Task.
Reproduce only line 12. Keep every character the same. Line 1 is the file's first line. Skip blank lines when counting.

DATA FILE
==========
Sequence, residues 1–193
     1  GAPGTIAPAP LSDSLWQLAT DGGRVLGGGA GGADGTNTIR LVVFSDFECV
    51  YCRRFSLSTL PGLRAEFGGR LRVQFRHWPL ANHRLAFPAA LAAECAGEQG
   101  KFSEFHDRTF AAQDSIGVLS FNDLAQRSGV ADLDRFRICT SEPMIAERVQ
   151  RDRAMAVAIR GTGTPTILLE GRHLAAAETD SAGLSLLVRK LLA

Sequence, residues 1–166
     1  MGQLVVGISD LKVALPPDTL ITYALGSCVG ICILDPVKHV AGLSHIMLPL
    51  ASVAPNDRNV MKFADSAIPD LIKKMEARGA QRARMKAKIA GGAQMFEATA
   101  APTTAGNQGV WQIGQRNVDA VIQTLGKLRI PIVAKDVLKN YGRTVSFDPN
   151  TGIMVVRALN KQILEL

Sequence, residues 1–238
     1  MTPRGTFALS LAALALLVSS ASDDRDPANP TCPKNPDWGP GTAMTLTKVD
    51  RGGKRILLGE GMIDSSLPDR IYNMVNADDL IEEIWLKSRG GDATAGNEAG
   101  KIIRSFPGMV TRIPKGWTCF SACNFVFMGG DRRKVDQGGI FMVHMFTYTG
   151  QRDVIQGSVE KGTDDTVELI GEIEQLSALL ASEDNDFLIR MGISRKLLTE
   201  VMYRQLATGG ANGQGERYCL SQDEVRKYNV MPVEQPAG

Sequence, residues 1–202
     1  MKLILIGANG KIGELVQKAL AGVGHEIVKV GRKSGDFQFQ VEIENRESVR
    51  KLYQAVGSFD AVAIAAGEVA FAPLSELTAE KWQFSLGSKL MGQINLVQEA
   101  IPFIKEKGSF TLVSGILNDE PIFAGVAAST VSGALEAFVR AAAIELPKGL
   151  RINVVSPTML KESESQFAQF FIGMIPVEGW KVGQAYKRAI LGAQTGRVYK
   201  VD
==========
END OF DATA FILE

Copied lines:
     1  MTPRGTFALS LAALALLVSS ASDDRDPANP TCPKNPDWGP GTAMTLTKVD